What is humerus fracture?

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Humerus fracture: Overview

Your humerus is a bone in your upper arm. It extends from your shoulder to your elbow, and it is the largest bone in your arm. This bone may break (fracture) during sports, a fall, or other accidents. It may happen when your arm or shoulder is hit or used to protect you in a fall.

Fractures can range from a small, hairline crack to a bone or bones broken into two or more pieces. Your treatment depends on how bad the break is.

Your doctor may have put your arm in a cast, splint, or sling to allow it to heal or to keep it stable until you see another doctor. It may take weeks or months for your arm to heal. You can help your arm heal with some care at home.

You heal best when you take good care of yourself. Eat a variety of healthy foods, and don't smoke.

How can you care for yourself when you have a humerus fracture?

  • Put ice or a cold pack on your arm for 10 to 20 minutes at a time. Try to do this every 1 to 2 hours for the next 3 days (when you are awake). Put a thin cloth between the ice and your cast or splint. Keep the cast or splint dry. If you do not have a splint or cast, use a cloth between the ice and your skin.
  • Follow the care instructions your doctor gives you. If you have a sling, do not take it off unless your doctor tells you to.
  • Be safe with medicines. Take pain medicines exactly as directed.
    • If the doctor gave you a prescription medicine for pain, take it as prescribed.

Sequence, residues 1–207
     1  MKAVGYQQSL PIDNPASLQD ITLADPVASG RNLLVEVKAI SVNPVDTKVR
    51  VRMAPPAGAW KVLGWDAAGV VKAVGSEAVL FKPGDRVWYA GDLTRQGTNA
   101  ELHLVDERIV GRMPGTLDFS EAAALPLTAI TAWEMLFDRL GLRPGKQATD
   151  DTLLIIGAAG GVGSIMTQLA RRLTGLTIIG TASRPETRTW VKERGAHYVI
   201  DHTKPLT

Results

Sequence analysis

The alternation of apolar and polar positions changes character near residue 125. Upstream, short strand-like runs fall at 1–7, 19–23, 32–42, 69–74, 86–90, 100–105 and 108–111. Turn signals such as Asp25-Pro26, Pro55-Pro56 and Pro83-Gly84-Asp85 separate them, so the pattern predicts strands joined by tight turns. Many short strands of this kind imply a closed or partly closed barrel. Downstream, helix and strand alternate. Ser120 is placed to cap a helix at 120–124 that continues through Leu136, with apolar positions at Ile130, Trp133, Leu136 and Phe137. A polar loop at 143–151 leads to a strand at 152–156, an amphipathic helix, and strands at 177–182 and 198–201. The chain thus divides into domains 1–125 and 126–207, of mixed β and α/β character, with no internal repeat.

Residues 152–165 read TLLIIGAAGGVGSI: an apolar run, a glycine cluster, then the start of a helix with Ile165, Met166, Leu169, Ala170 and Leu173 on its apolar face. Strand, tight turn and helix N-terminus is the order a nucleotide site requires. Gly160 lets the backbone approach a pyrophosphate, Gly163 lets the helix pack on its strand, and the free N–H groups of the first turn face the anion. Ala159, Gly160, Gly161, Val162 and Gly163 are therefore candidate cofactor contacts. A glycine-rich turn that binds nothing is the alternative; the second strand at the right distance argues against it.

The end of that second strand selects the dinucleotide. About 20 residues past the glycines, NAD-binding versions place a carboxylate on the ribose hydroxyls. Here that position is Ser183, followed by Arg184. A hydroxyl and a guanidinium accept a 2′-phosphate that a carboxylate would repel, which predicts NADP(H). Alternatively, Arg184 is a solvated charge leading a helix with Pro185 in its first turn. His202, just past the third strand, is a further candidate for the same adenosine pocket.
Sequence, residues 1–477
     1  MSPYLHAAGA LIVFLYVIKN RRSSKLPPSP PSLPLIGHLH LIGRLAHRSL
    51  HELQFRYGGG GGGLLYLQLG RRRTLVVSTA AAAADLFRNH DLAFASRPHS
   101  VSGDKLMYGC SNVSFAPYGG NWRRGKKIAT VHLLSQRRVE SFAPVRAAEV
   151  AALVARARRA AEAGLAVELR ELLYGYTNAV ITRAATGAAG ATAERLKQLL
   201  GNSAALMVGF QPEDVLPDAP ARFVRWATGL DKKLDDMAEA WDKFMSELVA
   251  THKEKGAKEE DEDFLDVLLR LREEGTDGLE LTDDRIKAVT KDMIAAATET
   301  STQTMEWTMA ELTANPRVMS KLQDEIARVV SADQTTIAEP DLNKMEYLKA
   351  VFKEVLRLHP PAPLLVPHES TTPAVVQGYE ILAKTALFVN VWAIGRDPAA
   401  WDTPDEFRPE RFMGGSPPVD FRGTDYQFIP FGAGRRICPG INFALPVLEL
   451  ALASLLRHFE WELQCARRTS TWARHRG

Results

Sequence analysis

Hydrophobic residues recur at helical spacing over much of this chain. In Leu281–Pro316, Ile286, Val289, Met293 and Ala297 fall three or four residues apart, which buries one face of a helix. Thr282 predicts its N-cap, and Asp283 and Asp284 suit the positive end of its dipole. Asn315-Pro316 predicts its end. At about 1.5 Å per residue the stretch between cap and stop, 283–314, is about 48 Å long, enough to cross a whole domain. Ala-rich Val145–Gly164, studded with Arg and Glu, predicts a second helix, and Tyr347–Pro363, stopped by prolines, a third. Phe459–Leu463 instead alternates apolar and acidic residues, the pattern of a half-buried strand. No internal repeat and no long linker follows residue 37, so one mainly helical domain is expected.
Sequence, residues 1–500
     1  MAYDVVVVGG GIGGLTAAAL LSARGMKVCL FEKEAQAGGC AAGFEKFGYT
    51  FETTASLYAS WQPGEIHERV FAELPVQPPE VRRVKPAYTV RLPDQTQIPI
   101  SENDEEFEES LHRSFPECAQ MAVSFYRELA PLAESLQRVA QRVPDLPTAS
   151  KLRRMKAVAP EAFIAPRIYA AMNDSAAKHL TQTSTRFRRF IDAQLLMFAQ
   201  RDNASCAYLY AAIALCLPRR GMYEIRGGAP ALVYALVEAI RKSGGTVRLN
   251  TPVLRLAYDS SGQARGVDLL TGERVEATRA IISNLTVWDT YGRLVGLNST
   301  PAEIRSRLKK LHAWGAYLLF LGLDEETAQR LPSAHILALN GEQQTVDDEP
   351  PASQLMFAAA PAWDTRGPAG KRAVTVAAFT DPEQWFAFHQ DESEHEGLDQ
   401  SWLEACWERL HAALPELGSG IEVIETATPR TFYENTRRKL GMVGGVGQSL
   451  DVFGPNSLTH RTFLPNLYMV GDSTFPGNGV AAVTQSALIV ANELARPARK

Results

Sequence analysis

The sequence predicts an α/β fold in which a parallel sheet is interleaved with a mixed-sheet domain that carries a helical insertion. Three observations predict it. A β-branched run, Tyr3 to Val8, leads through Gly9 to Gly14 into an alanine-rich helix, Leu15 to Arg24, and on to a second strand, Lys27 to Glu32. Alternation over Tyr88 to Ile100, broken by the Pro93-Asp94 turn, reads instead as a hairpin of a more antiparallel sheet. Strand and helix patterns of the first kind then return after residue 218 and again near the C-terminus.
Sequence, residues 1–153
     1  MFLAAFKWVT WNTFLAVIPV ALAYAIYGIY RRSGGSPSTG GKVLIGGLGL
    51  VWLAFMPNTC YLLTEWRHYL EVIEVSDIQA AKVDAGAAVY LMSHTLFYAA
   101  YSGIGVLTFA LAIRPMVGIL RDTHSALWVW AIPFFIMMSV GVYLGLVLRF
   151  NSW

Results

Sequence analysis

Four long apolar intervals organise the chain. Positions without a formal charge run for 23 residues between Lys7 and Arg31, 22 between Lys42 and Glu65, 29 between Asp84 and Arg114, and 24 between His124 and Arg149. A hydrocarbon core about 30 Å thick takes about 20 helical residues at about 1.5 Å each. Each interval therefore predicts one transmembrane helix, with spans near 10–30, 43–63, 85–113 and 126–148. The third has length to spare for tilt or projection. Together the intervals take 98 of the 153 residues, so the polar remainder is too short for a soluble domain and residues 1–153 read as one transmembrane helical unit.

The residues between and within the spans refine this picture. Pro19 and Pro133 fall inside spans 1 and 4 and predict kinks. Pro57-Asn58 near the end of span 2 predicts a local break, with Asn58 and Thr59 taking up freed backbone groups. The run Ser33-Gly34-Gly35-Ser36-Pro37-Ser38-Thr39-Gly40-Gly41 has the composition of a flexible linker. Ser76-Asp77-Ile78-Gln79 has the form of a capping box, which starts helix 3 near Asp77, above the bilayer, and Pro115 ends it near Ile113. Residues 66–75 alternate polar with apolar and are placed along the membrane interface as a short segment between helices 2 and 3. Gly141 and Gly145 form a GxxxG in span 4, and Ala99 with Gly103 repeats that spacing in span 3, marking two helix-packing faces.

• If you are not taking a prescription pain medicine, ask your doctor if you can take an over-the-counter medicine.
  • Your doctor may advise you to keep your arm next to your body. It may help to use a pillow to support your elbow while sitting.
  • Follow instructions for moving your arm and doing exercises to keep your arm strong.
  • Wiggle your fingers and wrist often to reduce swelling and stiffness.

Humerus fracture: When to call

Call 911 anytime you think you may need emergency care. For example, call if:

  • You are very sleepy and you have trouble waking up.

Call your doctor now or seek immediate medical care if:

  • You have increased or severe pain in your arm.
  • Your hand is cool or pale or changes color.
  • You have tingling, weakness, or numbness in your hand or fingers.
  • Your cast or splint feels too tight.
  • You cannot move your fingers.
  • The skin under your cast or splint is burning or stinging.

Watch closely for changes in your health, and be sure to contact your doctor if:

  • You do not get better as expected.

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The content above contains general health information provided by Healthwise, Incorporated, and reviewed by its medical experts. This content should not replace the advice of your healthcare provider. Not all treatments or services described are offered as services by us. For recommended treatments, please consult your healthcare provider.